Southland Catches Cold as Front Rumbles In : Weather: Rain and snow move into San Diego County on blustery winds. Rain is expected to continue falling sporadically through Friday.


The tip of a polar storm from the Canadian Yukon pushed into San Diego Wednesday, bringing rain and stiff winds, a dusting of snow in the mountains, scattered power outages and a flurry of fender benders.

Winter, which doesn’t officially start until Friday, is advertising its arrival, said Wilbur Shigehara, senior meteorologist for the National Weather Service in San Diego.

The rain will continue sporadically through Friday, Shigehara said. Driven by wind gusts up to 25 m.p.h, the blowing rain seemed to bring more moisture than it actually did, he said. The storm had dropped only .06 of an inch fell at Lindbergh Field by 4 p.m. Wednesday.

Mt. Laguna, with .51 of an inch, had the most recorded rainfall in the county. Other rainfall totals by Wednesday afternoon were: Chula Vista, .08; Coronado, .04; Del Mar, .03; El Cajon, .14; Escondido, .11; ; Julian, .35; Lemon Grove, .11; Miramar, .14; National City, .03; Poway, .05, and Vista, .04.


The California Highway Patrol posted a wind advisory beginning at 2 p.m. Wednesday for campers and other high-profile vehicles traveling on Interstate 5 from Oceanside through Camp Pendleton and on Interstate 8 in East County from near Mt. Laguna down to the desert floor.

A small-craft advisory has been posted, and a wind advisory is also in effect for the mountains and deserts through today.

Numerous fender benders were reported Wednesday but no fatalities, and no traffic alerts have been posted, CHP spokesman Joe Wolf said.

Electrical outages in Point Loma, Santee, Escondido and East San Diego were reported, but power was restored to most areas within a short time, according to a spokesman for San Diego Gas & Electric. The largest outage, affecting 12,000 homes in the Kensington neighborhood and the Fairmount Avenue area of East San Diego, lasted about half an hour. Branches and palm fronds falling onto power lines caused most of the disruptions.


The rainstorm is expected to move out of the area by the weekend, leaving clear skies and cold weather, Shigehara said.

Temperatures today at the beach will range from 52 to 56, with wind gusts to 25 m.p.h., Shigehara said. The surf will peak at 2 to 4 feet and the ocean temperature is near 60 degrees.

Coastal areas and inland valleys will experience highs of 52 to 58 today and Friday, Shigehara said. Coastal nighttime lows are expected to range from 42 to 48 tonight, 38 to 45 inland.

In the mountains, the snow level will be down to 2,000 feet tonight, with winds up to 35 m.p.h. Highs should range from 31 to 36 today and drop to 19 to 25 tonight.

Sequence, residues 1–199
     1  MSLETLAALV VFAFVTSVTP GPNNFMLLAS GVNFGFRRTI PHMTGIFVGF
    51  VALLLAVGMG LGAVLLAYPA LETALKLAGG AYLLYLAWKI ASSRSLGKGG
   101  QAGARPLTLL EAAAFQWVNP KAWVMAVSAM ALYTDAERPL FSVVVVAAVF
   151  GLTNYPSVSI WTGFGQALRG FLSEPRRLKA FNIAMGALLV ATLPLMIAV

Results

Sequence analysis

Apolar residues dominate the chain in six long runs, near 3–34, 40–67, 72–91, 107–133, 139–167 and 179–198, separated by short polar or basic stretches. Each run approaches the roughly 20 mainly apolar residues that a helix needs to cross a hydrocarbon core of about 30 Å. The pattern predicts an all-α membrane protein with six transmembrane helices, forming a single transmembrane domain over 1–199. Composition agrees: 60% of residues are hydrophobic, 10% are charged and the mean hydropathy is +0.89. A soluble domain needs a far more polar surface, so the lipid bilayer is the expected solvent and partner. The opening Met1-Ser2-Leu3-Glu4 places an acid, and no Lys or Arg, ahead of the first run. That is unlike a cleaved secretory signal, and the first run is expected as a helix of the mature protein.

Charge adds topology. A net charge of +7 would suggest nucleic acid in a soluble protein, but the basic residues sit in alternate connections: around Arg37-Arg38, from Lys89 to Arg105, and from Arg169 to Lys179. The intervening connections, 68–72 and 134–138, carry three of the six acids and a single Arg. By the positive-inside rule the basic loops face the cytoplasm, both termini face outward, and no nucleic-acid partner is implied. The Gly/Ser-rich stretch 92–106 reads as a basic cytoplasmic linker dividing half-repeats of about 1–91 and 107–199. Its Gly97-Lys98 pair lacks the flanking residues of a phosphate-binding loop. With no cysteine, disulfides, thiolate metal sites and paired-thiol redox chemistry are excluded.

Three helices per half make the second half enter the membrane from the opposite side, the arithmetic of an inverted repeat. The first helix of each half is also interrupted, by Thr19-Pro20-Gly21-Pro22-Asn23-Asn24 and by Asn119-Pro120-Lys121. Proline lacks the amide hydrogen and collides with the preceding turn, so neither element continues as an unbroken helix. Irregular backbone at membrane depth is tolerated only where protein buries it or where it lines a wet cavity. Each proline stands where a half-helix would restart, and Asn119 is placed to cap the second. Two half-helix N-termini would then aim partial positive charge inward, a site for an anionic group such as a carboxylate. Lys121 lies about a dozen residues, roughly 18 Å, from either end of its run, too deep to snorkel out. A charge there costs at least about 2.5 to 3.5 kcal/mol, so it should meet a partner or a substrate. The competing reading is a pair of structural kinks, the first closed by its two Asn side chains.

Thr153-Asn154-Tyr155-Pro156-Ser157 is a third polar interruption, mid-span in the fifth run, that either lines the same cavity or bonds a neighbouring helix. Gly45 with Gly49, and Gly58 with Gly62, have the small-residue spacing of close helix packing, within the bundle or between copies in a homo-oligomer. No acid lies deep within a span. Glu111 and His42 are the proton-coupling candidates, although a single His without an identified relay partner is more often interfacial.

In the deserts, winds up to 35 m.p.h. are expected with temperatures of 55 to 60 today and lows tonight of 35 to 45.

Elsewhere in Southern California, the storm front raised prospects of much-needed rain in the lowlands, welcome snow in the mountains, and winter-like low temperatures through Christmas.

As the storm moved south packing strong winds, the National Weather Service warned motorists of blizzard conditions on Interstate 5 in the the Tehachapi Mountains and issued winter storm warnings for the southern Sierra Nevada.

The storm had already shown its force in Northern California Wednesday, dumping several inches of snow on Lake Tahoe and bringing winter storm warnings for travel in the Sierra Nevada.


Gale-force gusts whipped up a blinding sandstorm on Interstate 15 about 10 miles north of Barstow around 11 a.m. Wednesday, touching off a chain-reaction crash involving two Greyhound buses, a truck and several other automobiles, the California Highway Patrol said.

A dozen people suffered major injuries, and more than 40 others received minor injuries, the CHP reported. They were treated at nearby hospitals.

After the accident, a 57-mile section of I-15, the main route between Los Angeles and Las Vegas, was closed because of impaired visibility.

“The storm is by far the strongest of the fall,” said meteorologist Marty McKewon of WeatherData Inc., which provides forecasts for The Times.


McKewon expected the storm to dump up to an inch of precipitation in coastal mountain ranges and from a quarter to a half inch in the Los Angeles Basin before a break in the weather Friday and Saturday. Then, he said, more showers are possible on Monday and Christmas Day.

McKewon advised motorists planning to get an early start on the holiday by traveling north on I-5 through the Tehachapis today to delay their trip until Friday.

“Not only will there be heavy snow, but there will 50- to 60-m.p.h. winds,” he said.

Motorists on U.S. 395, east of the Sierra Nevada, were warned of possible snow in the Antelope and Owens valleys, the main route to the Mammoth Lakes ski area.